Fidelity Digital Asset Services actively building customer base for cryptos

Fidelity Digital Asset Services actively building customer base for cryptos

While the crypto community eagerly anticipates the participation of institutional heavyweights in 2019, Fidelity’s new cryptocurrency company has actually been active, silently surveying, educating, and steadily adding interested institutional investor clients, comprised at this point primarily of hedge funds and family offices. Tom Jessop, the head of Fidelity Digital Assets, recently shared his thoughts in an interview with CNBC at the DC Blockchain Summit held last week.

Jessop believed that Fidelity’s timing was on the mark, since a number of companies that had opened when crypto prices were at their zenith have had their share of problems trying to keep investors interested. In Fidelity’s case, Jessop noted:

In terms of our pipeline, prices really haven’t had an impact. If anything, they are as encouraged now as they were when prices were higher.

In preparation for its roll out of its cryptocurrency custody and trade execution operations, the firm conducted a survey of roughly 450 institutions, including an assortment of wealthy families, hedge funds, pensions, and endowments. Jessop said:

There’s long-term interest from institutional investors to add some form of cryptocurrency to their portfolios. It’s often seen as an uncorrelated risk, or a store of value in a crisis. Others see a trading opportunity given the sector’s volatility. Fidelity commissioned research to gauge the level of that interest.

Surprisingly, 22% of respondents already had positions in the crypto market. There may eventually be a public launch announcement, but for the time being, as the firm brought on new institutional clients, it silently provided custodial and investing services in the background, transacting business with multiple exchanges in the system. Fidelity fills a vacuum in the crypto world where no custodial type service existed, an anathema for professional institutional investors. Fidelity handles all safekeeping and storage of digital assets on behalf of its customers.

Jessop also noted that while his company is “live”, there are still quite a few aspects that require time to complete. Expanding its jurisdictional coverage will always be a work in progress, and its list of offerings will also expand over time, the reason why many clients have expressed a desire to wait for just the product mix that suits their institution. Jessop explained that: “It really depends on the facts and circumstances of each client.”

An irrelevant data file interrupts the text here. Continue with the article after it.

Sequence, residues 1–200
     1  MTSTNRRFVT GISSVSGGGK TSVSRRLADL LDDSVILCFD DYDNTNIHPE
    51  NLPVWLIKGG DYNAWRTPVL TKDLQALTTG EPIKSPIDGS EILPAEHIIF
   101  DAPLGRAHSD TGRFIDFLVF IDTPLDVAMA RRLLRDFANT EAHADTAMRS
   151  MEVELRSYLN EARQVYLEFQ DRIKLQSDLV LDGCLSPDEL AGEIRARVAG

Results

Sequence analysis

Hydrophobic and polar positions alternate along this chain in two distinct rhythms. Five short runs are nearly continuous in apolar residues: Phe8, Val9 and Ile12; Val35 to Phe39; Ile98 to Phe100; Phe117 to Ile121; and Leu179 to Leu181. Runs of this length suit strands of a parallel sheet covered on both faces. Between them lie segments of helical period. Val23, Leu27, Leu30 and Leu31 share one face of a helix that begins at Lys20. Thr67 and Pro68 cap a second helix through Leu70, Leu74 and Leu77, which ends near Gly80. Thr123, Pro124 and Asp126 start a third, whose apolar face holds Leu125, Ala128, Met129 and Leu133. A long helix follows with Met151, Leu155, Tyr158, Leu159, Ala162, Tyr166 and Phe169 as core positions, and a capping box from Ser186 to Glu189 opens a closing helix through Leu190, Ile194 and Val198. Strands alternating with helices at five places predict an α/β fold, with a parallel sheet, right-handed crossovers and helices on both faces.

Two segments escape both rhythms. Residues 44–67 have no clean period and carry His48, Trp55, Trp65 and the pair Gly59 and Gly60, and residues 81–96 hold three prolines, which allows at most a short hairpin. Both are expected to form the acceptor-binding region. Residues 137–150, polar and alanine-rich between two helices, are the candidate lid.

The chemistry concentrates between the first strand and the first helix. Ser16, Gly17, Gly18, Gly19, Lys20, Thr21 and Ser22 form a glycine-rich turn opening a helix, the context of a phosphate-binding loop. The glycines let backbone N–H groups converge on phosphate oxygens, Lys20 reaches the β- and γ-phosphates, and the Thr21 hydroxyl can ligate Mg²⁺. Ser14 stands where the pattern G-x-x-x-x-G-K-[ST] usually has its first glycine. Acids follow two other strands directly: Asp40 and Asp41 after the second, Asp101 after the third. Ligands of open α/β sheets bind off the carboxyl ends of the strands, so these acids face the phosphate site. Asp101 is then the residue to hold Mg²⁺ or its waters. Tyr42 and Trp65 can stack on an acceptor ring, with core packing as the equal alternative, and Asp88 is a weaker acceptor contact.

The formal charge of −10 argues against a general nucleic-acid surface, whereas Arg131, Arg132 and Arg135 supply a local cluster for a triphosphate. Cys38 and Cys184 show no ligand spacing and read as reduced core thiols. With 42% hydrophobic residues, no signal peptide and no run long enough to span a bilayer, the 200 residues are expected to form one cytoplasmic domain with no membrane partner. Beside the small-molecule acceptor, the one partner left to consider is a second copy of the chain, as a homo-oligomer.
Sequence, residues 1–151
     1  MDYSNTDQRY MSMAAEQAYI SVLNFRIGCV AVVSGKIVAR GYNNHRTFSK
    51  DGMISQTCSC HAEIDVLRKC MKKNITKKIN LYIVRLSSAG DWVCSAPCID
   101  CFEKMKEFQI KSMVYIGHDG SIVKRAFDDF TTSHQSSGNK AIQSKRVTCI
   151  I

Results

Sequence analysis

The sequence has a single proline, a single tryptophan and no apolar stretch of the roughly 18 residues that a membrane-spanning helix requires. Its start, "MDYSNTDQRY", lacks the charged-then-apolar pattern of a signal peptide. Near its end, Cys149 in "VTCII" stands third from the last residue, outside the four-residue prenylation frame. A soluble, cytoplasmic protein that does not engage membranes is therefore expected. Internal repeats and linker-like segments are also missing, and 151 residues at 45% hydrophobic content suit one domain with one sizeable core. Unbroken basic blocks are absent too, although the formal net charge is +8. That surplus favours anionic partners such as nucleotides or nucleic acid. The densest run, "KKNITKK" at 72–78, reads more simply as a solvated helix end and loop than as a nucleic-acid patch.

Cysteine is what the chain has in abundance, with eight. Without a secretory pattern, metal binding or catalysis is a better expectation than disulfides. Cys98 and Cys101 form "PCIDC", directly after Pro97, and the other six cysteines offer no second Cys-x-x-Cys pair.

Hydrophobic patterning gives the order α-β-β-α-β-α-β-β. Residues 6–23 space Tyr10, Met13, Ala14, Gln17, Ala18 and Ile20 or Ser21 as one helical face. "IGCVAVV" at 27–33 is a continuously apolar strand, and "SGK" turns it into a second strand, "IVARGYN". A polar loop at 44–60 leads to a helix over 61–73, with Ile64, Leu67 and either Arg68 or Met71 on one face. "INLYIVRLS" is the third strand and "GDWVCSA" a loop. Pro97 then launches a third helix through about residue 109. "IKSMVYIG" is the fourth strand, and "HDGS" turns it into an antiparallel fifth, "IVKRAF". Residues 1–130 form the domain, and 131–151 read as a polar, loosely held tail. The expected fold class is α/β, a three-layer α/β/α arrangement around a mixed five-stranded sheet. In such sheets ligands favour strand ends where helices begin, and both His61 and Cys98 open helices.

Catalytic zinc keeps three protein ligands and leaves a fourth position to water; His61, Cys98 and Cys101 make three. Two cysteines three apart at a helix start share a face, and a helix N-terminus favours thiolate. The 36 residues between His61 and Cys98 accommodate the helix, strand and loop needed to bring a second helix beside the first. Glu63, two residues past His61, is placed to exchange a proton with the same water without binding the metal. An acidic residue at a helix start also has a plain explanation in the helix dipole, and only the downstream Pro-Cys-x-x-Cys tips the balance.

Fidelity has focused for the last 72 years on managing retirement funds and mutual funds, while remaining family controlled. Headquartered in Boston, it has become one of the largest investment management firms, sporting nearly $2.5 trillion in assets under management and over 50,000 employees. Surprisingly enough, the firm also expends over $2.5 billion per year on technologies like artificial intelligence and blockchain. Fidelity Digital Assets was actually spun out from Fidelity Center for Applied Technology.

Jessop was questioned about how many clients had a “wait-and-see” attitude about cryptos. Jessop’s response: “At some point, there will be an attractive entry point. But by the same token people don’t want to be early even if we’re well off the highs.” Price volatility was also given as a reason for hesitation by survey respondents. For all of 2019, crypto prices have been relatively stable, but Jessop firmly believes that this issue will fade over time as the structure of the market matures.

Lastly, investors admitted that their awareness of the crypto space was also inhibiting a move on their part. Per Jessop, the more educated the firm, the more apt they were already maintaining positions in the crypto market:

They’ve approached us wanting to learn, which is an encouraging sign. That’s not to say that there’s a cohort of people that once they get educated will still have a negative view.

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